5. If you allow: Salespeople to go long stretches without engaging in a two-way conversation with their accounts.

The “low bar” you’re setting: It’s ok to take long time accounts for granted and put them on auto-pilot. There are no consequences for not doing your job.

How to fix it: If a rep goes more than X weeks/months without a telephone or in-person conversation with an account, they lose it – and the commissions that go along with it.

6. If you allow: Salespeople to not use the valuable tools and research you’ve provided them.

The “low bar” you’re setting: Anytime we bring in a tool for you to use, you can just ignore it, then we’ll make it go away if enough of you don’t use it.

How to fix it: Using these sales tools regularly is part of their job. Make it an item on their performance evaluation.

7. If you allow: Salespeople to text, check email or otherwise fiddle with their mobile phones during your sales meetings.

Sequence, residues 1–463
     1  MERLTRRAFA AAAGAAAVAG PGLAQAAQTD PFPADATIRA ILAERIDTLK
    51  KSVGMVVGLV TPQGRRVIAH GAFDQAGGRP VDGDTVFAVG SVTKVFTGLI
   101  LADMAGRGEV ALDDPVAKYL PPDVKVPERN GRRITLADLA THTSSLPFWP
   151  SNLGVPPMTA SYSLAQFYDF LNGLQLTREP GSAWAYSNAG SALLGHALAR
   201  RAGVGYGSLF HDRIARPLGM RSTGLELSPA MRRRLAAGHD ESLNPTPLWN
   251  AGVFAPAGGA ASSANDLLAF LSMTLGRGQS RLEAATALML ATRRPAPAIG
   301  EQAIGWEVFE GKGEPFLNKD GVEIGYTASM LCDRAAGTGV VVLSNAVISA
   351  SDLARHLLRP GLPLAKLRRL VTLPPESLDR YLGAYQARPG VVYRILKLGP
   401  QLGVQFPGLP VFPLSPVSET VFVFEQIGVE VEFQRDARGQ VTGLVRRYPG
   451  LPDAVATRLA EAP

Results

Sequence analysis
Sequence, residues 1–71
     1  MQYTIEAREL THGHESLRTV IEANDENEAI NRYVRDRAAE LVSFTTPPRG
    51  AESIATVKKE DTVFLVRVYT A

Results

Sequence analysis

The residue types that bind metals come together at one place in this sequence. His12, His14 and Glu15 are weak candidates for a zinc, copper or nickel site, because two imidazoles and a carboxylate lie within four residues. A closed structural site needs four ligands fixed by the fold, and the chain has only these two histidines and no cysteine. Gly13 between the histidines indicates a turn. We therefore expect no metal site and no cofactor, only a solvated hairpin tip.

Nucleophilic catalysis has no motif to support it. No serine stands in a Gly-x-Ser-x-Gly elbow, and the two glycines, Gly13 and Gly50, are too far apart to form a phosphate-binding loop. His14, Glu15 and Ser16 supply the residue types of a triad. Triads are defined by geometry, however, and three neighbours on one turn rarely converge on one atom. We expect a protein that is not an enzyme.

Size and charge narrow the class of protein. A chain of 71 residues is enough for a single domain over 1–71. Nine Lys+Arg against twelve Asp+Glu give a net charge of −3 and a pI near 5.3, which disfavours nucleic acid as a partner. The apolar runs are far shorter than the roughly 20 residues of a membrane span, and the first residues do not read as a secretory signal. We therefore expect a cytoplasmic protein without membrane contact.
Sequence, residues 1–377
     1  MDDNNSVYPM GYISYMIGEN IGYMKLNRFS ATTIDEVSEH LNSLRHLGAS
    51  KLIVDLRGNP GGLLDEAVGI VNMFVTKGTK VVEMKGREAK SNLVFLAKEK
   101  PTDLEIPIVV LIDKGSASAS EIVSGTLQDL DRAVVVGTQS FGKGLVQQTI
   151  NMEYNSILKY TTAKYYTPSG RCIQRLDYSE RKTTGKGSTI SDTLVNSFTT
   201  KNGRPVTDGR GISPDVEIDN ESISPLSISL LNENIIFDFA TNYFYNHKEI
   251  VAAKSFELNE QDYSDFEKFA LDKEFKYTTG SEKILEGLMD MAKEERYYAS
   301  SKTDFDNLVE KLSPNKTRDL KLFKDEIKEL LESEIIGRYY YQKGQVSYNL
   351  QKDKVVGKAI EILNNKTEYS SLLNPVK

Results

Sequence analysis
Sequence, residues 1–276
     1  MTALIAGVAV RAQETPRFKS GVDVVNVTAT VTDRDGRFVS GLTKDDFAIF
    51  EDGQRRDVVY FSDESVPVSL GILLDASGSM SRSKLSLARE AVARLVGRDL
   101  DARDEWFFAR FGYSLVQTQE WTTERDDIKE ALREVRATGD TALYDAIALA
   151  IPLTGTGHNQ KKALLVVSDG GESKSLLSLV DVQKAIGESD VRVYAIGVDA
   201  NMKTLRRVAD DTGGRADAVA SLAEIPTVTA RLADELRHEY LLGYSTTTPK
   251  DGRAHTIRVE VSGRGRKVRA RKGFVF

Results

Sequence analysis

The “low bar” you’re setting: The content of the sales meeting isn’t important enough for your full attention. Heck, YOU aren’t important enough for their full attention.

How to fix it: Movie theater rules apply. No texting, message checking or anything else during meetings. Allow for checking of content or for Googling that directly relates to the topic of the meeting. If they have to take a call, make them leave the room.

7+1. If you allow: Salespeople to blame the customer, the competition or other people in your company for their lack of success.

The “low bar” you’re setting: You don’t have to be personally responsible for anything. It’s okay as long as you tried. Problem is, you now have a culture of finger pointing and backbiting instead of positivity and teamwork.